When the movie first came out in the 70s my older sister went to see it with some friends and came home with tears streaming down her face. I laughed at her standing in the kitchen and sobbing but when I went to see it the following week I was the same wet wreck and cried for days afterwards. Where do I begin, to tell the story of how great a love can be… A girl who loved Mozart, the Beatles, and me… Love means never having to say you’re sorry. Song lyrics, script, cliché—but as vivid in my memory as any real experience. At thirteen, I had never imagined there could be such sadness, that life could be so unfair.

This is a love story too. A love story with a house that came to be ours through a whole string of coincidences. And here I am with my couteau à grattoir and my décolleuse standing on a stepladder scraping walls back to their original surfaces. And there is Tony closing the piano lid. And on the other side of the French doors the sun spatters the terrace through the leaves of the plane trees. And Tarek, one of the maçons, comes in and says, Madame, j’ai fini la cuisine. And here is our first floor laid. A blue tile, aged with ochre and cream, called La Douce France.

the evening’s last shimmer
of sunlight

by Lynne Rees
Antibes France

Haiku Credits:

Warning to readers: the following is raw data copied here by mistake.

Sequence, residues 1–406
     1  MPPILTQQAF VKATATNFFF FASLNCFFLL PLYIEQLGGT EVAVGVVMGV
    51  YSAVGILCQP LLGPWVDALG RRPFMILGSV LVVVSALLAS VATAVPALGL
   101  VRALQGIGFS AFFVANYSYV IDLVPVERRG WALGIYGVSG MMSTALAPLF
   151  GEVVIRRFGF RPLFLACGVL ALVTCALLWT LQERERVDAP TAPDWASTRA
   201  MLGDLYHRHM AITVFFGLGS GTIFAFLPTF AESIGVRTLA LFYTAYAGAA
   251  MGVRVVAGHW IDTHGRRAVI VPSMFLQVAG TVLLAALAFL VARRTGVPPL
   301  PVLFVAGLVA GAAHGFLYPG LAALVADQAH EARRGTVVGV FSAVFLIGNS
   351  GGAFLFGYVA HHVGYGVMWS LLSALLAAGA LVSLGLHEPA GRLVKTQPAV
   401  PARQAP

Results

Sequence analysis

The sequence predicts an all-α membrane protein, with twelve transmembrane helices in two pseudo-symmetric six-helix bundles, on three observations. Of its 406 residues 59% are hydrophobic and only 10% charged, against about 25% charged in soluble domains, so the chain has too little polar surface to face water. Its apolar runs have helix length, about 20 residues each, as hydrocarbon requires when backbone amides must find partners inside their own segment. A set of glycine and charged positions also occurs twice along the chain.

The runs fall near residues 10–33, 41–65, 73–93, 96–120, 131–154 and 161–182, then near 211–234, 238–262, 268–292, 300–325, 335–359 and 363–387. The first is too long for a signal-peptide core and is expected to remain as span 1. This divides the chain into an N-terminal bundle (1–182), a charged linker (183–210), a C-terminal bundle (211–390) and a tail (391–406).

‘50th year’ was first published in ‘Planet, The Welsh Internationalist’, August 2007

Click here to read the first instalment of
Antibes Journal.

Monday, August 25, 2008

Michael McClintock: MEN OF PROPERTY

I let my eyes and hands run over the tools he had used—the trowel, the spade, the mulching fork. I gazed at the few remaining tin pails, enameled green, and recalled how the one got its crimped side and the other its bullet hole. I pocketed the worn canvas gloves; the man buying the place had much smaller hands than dad’s, and could not wear them. But all the tools and pails and contents of the shed he said he would use, and would be grateful to have them.

I stepped out of the shed and walked onto the broad sloping hillside, only a small corner of which belonged to the property. The shed was planted in the middle of six rows of fruit trees, six trees to a row, with extra room made for the shed and open ground around it for loading boxes with fruit from the buckets: oranges, lemons, plums. I could still hear my father from somewhere in the trees calling to my brother and me, to bring him a ladder, or come get the dog, or haul out the pails full of fruit, or stop horsing around and go in to supper—he’d follow.

hefting a plum—
I know by heart
my father’s orchard

by Michael McClintock
Fresno, California
first published in Anthology of Days (Backwoods Broadsides, No. 70)

Sunday, August 24, 2008


I follow her for three blocks trying to identify the flower tattooed on her calf, but for the first time in years the crosswalk lights are with me and she never stops.

cloudy afternoon
a lady bug leaves me

by Bob Lucky
Hangzhou, China

Saturday, August 23, 2008